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How does Culture Influence the Interpretation of Scripture?
People and Culture
Our world is filled with a great many peoples, each with their own peculiarities and persuasions, shaped by unique and localized knowledge, traditions and behavioral norms. Call this the people's culture. Cultural influences therefore form a great part of a person's interpretation, perception and ultimately their conveyance of ideas. When the concepts under consideration are those revealed in the Bible, there may be a need to consider the cultural context surrounding scripture.
The Cultural Context
The significance of cultural perceptions is easily illustrated. Consider a simple instance of burping. It is a perfectly natural act that can come after a sumptuous meal. However it is well known that in some cultures burping loudly is considered a compliment to the chef since it expresses great satisfaction with the meal. In other cultures (like those in North America) this viewed through and through as rude.
Now with let's look at 1 Timothy 2:9 in this context. Paul provides instructional guidelines on attire for women of faith and their behavior within the body of believers. While the focus here is on worship, the instruction on dress becomes somewhat subjective simply because of the word 'modest'. The definition of modest that's most appropriate in analyzing the apostle's request is "having or showing regard for the decencies of behavior, speech, dress, etc.; decent: a modest neckline on a dress. (NIV)" There's no problem in interpreting this, right? Or is there?
The problem comes from the fact that women (and men!) will have different perceptions of what kind of attire is actually modest. One may consider a skirt two inches below the knee as modest while another, in the same congregation even, may believe one inch above is more stylish but quite satisfactorily within the confines of modesty.
General Influence of Modern Society
There have been many changes in the way society is structured and operate now, compared to biblical times. The changes are reflected in many aspects of daily lives - family structures, roles within families, governance, and the list goes on. For example, women's role in the early Christian church were primarily, if not exclusively, supportive. Today many women have risen to leadership roles. Ancient Israel and, to a large extent, the Jewish people during the Lord Jesus' time on earth, were governed and ruled by the spiritual leaders of the time - the High Priest. Today spiritual leaders, in democratic nations at least, have influence on governance only as far as the effect their followers have on the populous vote.
We can illustrate how modern societal norms can affect scriptural interpretation with Prov 13:24 (NIV) which states, "Whoever spares the rod hates their children, but the one who loves their children is careful to discipline them." The scripture traditionally has referred to corporal punishment. Modern societies however tend to generally associate spanking with child abuse, a view, I must admit, I oppose (more on that in another article). The development though of this modern stance has led believers to re-examine the scriptural interpretation of "sparing the rod" by applying factors that may not have been considered previously such as, is the "rod" an actual device to strike with or is it used figuratively?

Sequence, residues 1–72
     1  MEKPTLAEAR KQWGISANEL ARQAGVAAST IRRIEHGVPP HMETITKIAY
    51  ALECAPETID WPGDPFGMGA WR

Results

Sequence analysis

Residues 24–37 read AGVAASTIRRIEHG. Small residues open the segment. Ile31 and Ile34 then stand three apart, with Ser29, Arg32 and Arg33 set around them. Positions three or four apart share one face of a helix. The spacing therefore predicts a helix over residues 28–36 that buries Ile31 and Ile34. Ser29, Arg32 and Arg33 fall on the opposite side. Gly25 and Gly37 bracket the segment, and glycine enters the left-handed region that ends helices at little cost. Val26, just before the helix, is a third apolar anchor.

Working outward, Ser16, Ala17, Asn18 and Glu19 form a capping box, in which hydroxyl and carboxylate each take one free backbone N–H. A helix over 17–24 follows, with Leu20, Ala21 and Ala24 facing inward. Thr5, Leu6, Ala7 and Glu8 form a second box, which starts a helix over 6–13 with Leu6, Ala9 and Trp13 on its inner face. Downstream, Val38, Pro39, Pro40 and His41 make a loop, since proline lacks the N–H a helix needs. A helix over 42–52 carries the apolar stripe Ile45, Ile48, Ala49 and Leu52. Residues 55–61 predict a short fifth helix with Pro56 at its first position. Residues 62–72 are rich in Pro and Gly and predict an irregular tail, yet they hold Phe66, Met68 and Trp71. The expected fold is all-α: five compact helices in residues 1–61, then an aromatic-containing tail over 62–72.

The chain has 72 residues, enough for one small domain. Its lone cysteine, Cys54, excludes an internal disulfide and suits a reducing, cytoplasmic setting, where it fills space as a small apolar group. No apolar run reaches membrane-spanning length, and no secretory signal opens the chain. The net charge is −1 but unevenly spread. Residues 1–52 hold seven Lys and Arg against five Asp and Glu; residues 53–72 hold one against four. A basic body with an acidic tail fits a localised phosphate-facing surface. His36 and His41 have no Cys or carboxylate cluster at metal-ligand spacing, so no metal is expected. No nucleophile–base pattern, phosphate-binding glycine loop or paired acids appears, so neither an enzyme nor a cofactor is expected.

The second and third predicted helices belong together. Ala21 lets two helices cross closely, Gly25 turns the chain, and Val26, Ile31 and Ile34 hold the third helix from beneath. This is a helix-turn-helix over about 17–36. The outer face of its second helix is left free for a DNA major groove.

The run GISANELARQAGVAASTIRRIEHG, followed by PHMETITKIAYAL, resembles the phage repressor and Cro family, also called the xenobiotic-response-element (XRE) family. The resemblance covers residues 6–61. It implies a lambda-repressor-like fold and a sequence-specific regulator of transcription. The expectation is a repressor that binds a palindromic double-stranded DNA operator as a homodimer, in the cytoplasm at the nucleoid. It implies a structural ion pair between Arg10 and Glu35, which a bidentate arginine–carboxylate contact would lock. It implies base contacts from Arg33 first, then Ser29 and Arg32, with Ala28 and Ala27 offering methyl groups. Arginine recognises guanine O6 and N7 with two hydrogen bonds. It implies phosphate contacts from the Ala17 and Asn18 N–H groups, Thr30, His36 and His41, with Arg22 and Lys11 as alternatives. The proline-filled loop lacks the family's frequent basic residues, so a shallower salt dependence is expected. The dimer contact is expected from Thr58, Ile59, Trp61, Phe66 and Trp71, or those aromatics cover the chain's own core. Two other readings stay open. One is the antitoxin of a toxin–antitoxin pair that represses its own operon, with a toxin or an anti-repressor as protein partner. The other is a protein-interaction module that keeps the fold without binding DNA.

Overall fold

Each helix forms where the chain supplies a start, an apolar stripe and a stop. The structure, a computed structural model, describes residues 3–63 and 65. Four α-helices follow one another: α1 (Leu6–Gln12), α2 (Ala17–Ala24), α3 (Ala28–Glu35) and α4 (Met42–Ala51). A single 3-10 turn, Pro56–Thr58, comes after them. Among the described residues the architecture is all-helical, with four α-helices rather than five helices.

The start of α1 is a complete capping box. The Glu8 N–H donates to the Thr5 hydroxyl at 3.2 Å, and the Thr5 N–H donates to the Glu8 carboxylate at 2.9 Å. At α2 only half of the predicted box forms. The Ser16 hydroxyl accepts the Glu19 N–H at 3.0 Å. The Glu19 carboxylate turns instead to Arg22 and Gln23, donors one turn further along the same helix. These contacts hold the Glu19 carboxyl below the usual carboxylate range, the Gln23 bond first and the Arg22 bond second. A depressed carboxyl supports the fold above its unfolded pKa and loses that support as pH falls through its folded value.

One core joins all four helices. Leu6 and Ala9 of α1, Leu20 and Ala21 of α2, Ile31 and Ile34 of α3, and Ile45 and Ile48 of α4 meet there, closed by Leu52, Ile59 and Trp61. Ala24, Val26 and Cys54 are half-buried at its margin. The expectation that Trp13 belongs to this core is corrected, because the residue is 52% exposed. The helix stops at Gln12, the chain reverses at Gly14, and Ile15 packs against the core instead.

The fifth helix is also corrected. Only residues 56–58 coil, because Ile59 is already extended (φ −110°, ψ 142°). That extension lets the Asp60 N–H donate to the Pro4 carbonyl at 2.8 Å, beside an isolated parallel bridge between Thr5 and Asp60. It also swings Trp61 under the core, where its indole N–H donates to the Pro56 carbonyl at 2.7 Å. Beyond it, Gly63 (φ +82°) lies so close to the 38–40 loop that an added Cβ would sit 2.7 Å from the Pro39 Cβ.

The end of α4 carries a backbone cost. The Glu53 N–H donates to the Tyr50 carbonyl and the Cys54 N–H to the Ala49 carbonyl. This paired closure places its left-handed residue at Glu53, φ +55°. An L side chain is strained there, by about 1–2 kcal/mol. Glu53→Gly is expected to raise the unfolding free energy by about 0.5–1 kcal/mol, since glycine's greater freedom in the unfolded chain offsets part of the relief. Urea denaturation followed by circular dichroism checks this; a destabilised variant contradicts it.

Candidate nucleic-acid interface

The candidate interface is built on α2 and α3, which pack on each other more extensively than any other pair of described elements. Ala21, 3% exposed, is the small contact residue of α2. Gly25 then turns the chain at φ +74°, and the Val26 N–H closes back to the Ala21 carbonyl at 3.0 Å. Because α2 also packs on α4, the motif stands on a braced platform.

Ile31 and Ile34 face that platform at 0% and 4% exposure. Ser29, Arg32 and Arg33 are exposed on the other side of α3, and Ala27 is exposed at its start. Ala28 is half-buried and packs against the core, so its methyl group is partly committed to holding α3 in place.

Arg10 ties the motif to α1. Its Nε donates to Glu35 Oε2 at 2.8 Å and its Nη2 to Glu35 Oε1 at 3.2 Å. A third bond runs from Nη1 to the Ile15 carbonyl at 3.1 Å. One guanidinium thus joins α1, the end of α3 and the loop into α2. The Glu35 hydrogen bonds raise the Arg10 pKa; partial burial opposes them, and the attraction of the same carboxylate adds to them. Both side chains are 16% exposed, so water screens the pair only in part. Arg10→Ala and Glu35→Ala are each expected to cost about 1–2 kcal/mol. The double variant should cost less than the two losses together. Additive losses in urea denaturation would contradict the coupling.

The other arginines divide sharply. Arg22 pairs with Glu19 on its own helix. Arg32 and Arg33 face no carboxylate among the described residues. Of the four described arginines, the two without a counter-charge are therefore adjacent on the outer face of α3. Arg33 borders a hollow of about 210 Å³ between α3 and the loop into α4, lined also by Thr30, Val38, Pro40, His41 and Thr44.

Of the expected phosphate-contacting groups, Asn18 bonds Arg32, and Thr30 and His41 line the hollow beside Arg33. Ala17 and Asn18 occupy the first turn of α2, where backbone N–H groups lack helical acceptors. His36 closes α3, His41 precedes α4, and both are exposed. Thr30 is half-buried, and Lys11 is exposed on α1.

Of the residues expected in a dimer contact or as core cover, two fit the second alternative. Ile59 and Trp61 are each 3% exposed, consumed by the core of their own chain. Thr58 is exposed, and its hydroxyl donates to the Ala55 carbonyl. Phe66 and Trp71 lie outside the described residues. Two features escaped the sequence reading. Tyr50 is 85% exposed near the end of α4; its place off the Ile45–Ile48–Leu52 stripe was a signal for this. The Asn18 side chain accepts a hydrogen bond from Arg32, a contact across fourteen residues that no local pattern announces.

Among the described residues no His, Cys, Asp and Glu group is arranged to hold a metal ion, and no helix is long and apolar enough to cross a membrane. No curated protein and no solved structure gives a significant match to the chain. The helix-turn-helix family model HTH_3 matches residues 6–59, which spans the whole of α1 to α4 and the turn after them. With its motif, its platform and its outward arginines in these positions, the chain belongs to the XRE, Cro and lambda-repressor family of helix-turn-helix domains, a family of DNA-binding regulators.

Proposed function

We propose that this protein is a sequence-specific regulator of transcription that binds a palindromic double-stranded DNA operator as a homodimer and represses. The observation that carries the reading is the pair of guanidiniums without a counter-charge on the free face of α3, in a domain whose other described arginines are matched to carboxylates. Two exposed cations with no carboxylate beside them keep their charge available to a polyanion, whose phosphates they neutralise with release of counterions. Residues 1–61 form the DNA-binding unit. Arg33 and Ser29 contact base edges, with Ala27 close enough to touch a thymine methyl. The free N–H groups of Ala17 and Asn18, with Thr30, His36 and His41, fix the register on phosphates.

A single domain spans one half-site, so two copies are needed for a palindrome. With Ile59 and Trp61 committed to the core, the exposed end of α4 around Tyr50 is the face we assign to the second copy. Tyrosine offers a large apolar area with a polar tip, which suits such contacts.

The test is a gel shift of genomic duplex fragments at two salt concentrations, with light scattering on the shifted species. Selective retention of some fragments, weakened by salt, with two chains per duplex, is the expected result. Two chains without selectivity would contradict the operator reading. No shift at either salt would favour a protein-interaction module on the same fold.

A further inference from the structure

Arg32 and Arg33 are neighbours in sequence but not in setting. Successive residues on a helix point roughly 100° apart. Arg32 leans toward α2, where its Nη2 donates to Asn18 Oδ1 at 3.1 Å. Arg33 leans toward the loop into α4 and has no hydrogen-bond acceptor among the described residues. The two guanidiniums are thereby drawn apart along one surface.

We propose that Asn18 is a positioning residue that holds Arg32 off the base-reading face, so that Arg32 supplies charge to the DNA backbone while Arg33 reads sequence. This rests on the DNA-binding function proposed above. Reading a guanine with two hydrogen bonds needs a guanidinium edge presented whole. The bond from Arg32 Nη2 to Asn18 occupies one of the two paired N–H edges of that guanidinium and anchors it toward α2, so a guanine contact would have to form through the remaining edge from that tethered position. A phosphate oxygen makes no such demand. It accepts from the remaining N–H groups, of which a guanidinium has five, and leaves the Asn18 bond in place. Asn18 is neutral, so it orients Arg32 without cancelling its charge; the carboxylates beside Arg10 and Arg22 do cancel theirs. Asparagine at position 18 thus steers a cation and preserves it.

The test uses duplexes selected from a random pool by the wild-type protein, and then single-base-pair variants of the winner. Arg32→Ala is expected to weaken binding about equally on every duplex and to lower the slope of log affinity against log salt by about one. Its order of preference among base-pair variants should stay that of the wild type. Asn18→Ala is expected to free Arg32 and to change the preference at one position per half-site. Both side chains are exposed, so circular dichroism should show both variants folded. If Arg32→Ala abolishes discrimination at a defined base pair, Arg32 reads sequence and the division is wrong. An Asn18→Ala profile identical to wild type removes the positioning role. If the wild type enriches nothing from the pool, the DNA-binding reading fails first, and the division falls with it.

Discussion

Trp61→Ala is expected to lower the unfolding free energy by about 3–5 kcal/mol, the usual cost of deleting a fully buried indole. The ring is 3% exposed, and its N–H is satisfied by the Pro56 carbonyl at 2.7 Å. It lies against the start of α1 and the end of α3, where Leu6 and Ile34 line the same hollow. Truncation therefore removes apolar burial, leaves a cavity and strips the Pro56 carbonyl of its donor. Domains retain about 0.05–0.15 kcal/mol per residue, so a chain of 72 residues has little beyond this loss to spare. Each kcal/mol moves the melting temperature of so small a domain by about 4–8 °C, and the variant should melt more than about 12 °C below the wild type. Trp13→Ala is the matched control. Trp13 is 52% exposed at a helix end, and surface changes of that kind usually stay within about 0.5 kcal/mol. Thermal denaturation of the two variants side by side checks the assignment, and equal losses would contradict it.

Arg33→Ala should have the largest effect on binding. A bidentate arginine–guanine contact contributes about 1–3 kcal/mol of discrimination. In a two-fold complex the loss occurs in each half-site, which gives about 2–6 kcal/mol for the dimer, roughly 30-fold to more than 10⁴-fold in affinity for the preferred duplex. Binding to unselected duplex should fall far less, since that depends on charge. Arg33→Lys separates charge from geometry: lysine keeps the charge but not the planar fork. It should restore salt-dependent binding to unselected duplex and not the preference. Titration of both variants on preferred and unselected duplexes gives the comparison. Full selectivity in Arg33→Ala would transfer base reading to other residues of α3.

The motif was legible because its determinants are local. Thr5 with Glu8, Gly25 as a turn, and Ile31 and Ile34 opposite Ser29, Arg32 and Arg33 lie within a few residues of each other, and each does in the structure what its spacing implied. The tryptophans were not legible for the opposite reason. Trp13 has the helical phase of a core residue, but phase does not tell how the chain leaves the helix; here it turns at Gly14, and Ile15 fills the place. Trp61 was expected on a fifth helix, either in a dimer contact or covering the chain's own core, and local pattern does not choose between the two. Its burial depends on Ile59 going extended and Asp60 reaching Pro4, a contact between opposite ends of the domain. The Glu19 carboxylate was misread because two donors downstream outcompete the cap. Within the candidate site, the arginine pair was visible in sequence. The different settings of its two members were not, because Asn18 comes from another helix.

The Culture of Biblical Peoples
Obviously the Bible, written by men under the influence of the Holy Spirit, will relate biblical concepts through the perception of the author. This is apparent in the differences in prose used by the various authors of the Bible, even through the lens of translators and biblical scholars that produce the modern versions we rely on today.
Societal norms in the Bible can influence scriptural expression and even take on the structure of biblical principles. The scripture that comes most readily to mind is 1Cor 11: 2-16. Head covering, at least in my local assembly, has been some source of controversy. It has been postulated that the custom of head covering was practiced even out of the church. In fact, for women in Biblical times, it may have been used as a style by certain women. An interesting and informative discussion of the use of head coverings in biblical times can be found at here.
It is true there are several aspects to culture that can influence how scripture is interpreted. From the discussion above these include the culture within which the reader lives or to which they are accustomed, the influence in general of modern societal norms and finally the context of biblical societal customs.
However Biblical principles themselves should never be compromised to accommodate cultural customs. There can be no justification for this. Referencing the Old Testament, we see that ancient Israel was warned that any foreigner that chose to congregate with the nation, had to practice the customs held by Israel. This precept holds true for the Christian church today. The conundrum we face with some portions of scripture, however, comes with the lack of details that assist in clarifying the meaning.
In order to interpret scripture accurately therefore, there can be no substitute for proper research but even more so there can be no excuse for the child of God, who does not seek divine assistance from the Holy Spirit, sent by the Lord to teach us all things, John 14:26 (NIV). God wants all his children to be of one mind, 1 Corinthians 1:10 (NIV), and has provided instructor led classes in the person of the Lord Jesus Christ and continual retraining through the Holy Spirit - God within us.
So whether culture does or doesn't influence scripture's interpretation, we can be sure that pursuing God will reveal where this line is drawn.
What are your thoughts? Do you think that culture influences how scripture should be interpreted?